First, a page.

Unfortunately there's a niggling issue that stops Blood Rage from being perfect. It feels far too easy for a player to gain the lead and once there it's difficult for other players to catch up. One of the interesting aspects of a Blood Rage is that attacking the leader can often lead to them getting more points so it can be rather difficult, even counter initiative as a method to take down the leader. There's also an issue with end of game scoring where the top players get rewarded a second time for being in the lead, resulting in some fairly ridiculous final scoring.

I'm sure with a bit more familiarity the problems I currently have can be minimised but even with these issues Blood Rage is still a fun game to play and the design is full of 'oh that's clever' moments.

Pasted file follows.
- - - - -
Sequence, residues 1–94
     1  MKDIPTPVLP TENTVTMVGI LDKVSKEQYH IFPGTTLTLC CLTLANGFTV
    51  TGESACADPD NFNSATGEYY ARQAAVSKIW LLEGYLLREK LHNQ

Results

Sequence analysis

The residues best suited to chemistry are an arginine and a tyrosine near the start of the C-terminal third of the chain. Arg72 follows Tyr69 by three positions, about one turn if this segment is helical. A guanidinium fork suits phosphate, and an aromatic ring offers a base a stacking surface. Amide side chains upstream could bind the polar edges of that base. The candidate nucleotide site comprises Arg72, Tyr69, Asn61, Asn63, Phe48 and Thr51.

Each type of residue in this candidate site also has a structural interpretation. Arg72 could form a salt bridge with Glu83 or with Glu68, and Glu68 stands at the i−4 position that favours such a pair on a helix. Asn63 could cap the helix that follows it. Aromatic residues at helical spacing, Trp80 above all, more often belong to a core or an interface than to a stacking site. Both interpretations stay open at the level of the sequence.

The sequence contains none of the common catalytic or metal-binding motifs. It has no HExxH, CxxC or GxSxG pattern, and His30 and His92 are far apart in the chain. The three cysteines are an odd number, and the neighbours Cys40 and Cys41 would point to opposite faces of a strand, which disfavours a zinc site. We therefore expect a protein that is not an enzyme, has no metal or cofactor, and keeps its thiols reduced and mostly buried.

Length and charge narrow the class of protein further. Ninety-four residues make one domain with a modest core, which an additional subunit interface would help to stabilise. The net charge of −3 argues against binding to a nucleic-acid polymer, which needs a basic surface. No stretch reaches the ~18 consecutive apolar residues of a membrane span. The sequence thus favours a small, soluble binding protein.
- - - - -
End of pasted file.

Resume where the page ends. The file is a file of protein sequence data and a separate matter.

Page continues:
5 Celestia

The French really have cornered the market on whimsical, and it doesn’t get more whimsical than exploring floating teapot islands looking for treasure while helming a steam-powered flying bath tub.

Celestia is a simple push your look game. Can the captain overcome the perils ahead? Or will you abandon ship and grab some treasure while you can. It’s one of those games that go beyond what’s happening on the board to around the table as you make jibes, lament the failures and put your trust in your fellow captains and hope to gain some juicy treasure.

Celestia is a light game which there’s room for it in everyone’s collection. It’s a game that can be played by anyone, and the little steam ship and beautiful artwork means it also looks great on the table top.

4 XCOM: The Board Game